For her third solo show at Heller Gallery, opening this evening, Amber Cowan will present the latest iterations of her reimagining and reconstruction of vintage pressed glassware, which she remakes through painstaking cutting and fusing at her flameworking torch. Cowan's unique artistic process invovles travel, scavenging, and an ability to map out new landscapes of detail and decoration, elevating industrially produced decorative products into singular works.
Recently wrapping up a successful conference in St. Petersburg, Florida, in March under the leadership of interim executive director Brandi Clark, the Glass Art Society is turning its attention to the future, and has launched a search for a permanent Executive Director who will report to, and act on behalf of the Board of Directors. The incoming Executive Director will support the board, and have a strong and authoritative hand in the management of programs such as scouting and developing yearly conferences, event planning, and marketing. The successful candidate will also act as the chief fundraiser for the organization.
Urban Glass has launched a search for a director of education to lead its successful teaching programs that reach over 3,000 students a year at this leading Brooklyn, New York, nonprofit arts center. The UrbanGlass studios accommodate a wide-range of glassmaking techniques, and feature a dedicated educational hotshop, flame working studio, extensive kilnworking facilities, as well as areas for mosaics and neon.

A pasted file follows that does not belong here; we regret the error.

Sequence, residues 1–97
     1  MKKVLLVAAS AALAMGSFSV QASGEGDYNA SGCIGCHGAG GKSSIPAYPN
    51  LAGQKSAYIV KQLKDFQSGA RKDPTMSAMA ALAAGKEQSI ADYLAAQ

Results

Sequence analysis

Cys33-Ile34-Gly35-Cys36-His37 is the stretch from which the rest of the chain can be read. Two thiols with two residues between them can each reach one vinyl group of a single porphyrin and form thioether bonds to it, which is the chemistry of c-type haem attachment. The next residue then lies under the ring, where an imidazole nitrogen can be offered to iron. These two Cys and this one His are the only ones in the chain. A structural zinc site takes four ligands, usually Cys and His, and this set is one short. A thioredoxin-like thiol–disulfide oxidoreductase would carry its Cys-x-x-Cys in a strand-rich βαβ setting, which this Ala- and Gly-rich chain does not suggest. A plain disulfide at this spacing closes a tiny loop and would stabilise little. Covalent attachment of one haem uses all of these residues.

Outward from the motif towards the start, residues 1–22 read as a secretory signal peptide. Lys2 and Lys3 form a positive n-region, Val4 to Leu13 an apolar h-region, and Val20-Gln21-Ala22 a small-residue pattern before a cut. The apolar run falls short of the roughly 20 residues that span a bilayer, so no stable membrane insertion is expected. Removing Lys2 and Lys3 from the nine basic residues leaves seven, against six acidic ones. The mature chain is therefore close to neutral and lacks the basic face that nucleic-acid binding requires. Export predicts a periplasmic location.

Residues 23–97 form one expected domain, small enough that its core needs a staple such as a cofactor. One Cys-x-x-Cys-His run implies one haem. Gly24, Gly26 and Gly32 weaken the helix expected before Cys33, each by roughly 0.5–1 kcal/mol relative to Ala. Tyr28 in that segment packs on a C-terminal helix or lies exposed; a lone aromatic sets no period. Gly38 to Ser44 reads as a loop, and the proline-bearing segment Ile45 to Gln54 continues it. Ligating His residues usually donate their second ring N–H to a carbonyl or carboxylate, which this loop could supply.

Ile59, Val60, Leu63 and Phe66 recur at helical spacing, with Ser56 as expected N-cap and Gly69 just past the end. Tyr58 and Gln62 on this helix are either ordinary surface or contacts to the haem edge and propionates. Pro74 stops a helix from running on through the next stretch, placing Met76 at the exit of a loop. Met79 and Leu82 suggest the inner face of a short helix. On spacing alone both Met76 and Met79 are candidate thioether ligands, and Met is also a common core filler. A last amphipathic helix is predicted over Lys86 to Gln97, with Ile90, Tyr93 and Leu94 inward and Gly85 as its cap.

The glassblowing reality show included (at left) Pilchuck executive director Christopher Taylor as a guest judge, and artist and educator Katherine Gray as the show's "resident glass master." Also pictured is Blown Away host Nick Uhas (at right).
More than most other art-making processes, working in the glass hotshop lends itself to spectacle with the attendant smoke, fire, and heat. It's surprising then that it's taken so long for a reality television show to be themed around the practice. Blown Away, which has wrapped up shooting but is not yet available for streaming on Netflix, is tentatively set to debut in the U.S. in July 2019. (It had its world premier on the newly launched Makeful satellite channel in Canada in February).
The Rakow Commission is a Corning Museum of Glass annual event that began in 1986. Each year since, a selected artist, not yet in the Corning collection, is offered an opportunity to expand his or her work, and create a new piece for the musuem. On March 28th, 2019, Rui Sasaki was announced as this year's winner, and the artist was in Corning to present a lecture to discuss it. Sasaki's Rakow Commission work, Liquid Sunshine/ I am a Pluviophile will be included in the Corning's upcoming major exhibition "New Glass Now," a survey of the latest work in glass from around the world.
GLASS: The UrbanGlass Quarterly, a glossy art magazine published four times a year by UrbanGlass has provided a critical context to the most important artwork being done in the medium of glass for 35 years.